Voltage-gated sodium channels (VGSC) are a well-established drug target for anti-epileptic, anti-arrhythmic and pain medications due to their presence and the important roles that they play in excitable cells. Recently, their presence has been recognized in non-excitable cells such as cancer cells and their overexpression has been shown to be associated with metastatic behavior in a variety of human cancers. The neonatal isoform of the VGSC subtype, Nav1.5 (nNav1.5) is overexpressed in the highly aggressive human breast cancer cell line, MDA-MB-231. The activity of nNav1.5 is known to promote the breast cancer cell invasion in vitro and metastasis in vivo, and its expression in primary mammary tumors has been associated with metastasis and patient death. Metastasis development is responsible for the high mortality of breast cancer and currently there is no treatment available to specifically prevent or inhibit breast cancer metastasis. In the present study, a 3D-QSAR model is used to assist the development of low micromolar small molecule VGSC blockers. Using this model, we have designed, synthesized and evaluated five small molecule compounds as blockers of nNav1.5-dependent inward currents in whole-cell patch-clamp experiments in MDA-MB-231 cells. The most active compound identified from these studies blocked sodium currents by 34.9 ± 6.6% at 1 μM. This compound also inhibited the invasion of MDA-MB-231 cells by 30.3 ± 4.5% at 1 μM concentration without affecting the cell viability. The potent small molecule compounds presented here have the potential to be developed as drugs for breast cancer metastasis treatment.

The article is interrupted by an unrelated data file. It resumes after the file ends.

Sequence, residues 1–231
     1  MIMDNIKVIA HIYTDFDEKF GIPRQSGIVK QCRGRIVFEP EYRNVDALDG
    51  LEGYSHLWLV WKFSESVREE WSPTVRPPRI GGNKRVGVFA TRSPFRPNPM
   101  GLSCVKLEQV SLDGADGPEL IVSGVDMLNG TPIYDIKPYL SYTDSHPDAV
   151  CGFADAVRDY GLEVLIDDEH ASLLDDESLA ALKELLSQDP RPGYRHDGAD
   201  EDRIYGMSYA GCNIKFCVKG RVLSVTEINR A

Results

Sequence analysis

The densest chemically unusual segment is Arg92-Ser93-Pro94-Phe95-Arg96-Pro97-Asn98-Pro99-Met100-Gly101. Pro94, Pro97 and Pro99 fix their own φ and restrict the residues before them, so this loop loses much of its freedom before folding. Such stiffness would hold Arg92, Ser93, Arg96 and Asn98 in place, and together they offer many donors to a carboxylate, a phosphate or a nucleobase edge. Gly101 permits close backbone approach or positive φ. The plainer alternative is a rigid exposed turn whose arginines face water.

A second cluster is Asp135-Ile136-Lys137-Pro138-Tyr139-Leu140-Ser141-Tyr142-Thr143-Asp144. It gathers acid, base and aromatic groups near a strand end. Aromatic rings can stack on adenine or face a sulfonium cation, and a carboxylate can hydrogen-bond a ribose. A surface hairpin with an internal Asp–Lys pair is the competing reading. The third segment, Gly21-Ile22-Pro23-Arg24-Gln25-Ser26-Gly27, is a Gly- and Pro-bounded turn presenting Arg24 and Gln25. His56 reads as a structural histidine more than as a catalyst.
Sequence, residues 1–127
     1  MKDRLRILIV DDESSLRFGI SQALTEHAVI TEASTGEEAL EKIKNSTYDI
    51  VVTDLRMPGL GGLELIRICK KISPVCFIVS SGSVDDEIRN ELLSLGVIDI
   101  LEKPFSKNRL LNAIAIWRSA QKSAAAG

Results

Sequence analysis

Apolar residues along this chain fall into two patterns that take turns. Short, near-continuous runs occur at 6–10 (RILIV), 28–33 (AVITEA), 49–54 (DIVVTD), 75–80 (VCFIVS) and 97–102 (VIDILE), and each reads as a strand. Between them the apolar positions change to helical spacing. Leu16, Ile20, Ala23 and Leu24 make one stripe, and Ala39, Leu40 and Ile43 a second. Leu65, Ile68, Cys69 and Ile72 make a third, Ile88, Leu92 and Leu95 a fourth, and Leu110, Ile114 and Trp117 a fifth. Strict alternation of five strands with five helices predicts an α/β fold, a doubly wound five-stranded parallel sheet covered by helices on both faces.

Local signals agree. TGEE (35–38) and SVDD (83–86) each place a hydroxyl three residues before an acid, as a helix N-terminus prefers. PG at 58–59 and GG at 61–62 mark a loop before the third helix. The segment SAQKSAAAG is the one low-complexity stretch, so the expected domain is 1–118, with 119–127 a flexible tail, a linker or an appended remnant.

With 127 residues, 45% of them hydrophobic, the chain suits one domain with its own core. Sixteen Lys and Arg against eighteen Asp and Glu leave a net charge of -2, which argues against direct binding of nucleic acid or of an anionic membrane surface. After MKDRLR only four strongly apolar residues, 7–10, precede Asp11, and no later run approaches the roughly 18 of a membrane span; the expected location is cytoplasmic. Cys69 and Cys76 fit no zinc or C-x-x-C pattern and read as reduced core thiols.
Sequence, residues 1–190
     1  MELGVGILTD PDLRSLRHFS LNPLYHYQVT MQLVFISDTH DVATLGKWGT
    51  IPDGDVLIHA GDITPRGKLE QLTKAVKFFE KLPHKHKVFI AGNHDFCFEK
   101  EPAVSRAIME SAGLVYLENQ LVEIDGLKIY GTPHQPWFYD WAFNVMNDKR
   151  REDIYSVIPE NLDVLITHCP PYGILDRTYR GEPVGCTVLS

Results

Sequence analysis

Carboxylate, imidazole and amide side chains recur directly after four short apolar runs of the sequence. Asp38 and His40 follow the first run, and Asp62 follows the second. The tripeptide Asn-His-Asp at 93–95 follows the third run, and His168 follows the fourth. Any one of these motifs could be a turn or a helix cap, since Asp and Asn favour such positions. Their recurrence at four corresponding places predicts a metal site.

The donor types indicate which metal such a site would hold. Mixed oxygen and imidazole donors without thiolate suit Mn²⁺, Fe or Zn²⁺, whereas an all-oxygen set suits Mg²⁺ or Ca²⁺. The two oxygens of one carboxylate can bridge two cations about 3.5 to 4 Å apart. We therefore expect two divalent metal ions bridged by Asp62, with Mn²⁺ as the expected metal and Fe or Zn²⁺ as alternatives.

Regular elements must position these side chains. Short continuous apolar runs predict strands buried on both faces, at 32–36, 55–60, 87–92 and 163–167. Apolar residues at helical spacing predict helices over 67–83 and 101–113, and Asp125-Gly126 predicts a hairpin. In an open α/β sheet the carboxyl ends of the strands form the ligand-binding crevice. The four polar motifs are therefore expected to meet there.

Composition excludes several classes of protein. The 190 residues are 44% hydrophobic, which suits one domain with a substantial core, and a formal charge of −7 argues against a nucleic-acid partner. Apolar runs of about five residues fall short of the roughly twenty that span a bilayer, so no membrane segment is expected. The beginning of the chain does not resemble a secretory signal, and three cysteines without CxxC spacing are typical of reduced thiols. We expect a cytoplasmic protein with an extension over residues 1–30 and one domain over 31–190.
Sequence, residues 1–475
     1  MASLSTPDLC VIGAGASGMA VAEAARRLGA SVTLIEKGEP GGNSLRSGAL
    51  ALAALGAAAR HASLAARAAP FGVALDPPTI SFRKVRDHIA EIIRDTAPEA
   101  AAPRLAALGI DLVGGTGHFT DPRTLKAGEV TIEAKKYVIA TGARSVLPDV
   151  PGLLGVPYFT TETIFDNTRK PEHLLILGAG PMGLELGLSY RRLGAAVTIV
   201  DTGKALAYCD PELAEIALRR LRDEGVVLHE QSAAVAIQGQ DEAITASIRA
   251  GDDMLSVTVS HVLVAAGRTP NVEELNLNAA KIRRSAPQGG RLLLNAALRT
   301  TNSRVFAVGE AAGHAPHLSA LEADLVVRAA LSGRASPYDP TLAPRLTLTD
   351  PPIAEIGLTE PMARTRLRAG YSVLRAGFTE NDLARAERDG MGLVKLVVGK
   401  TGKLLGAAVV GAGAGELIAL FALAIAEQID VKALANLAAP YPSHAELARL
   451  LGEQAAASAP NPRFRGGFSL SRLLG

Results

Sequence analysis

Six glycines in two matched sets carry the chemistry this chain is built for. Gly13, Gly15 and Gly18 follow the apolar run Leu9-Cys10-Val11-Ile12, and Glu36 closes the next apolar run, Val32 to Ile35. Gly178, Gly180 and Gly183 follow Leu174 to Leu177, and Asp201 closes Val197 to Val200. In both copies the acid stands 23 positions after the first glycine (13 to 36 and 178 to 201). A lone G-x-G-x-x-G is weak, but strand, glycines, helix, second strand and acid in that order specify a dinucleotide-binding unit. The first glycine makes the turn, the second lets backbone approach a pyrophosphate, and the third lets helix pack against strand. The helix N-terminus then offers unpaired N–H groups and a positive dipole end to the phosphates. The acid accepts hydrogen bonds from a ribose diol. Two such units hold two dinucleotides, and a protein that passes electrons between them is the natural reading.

Keywords: Breast cancer; Cancer cell invasion; Metastasis; Sodium current; Voltage-gated sodium channel; nNa(v)1.5.
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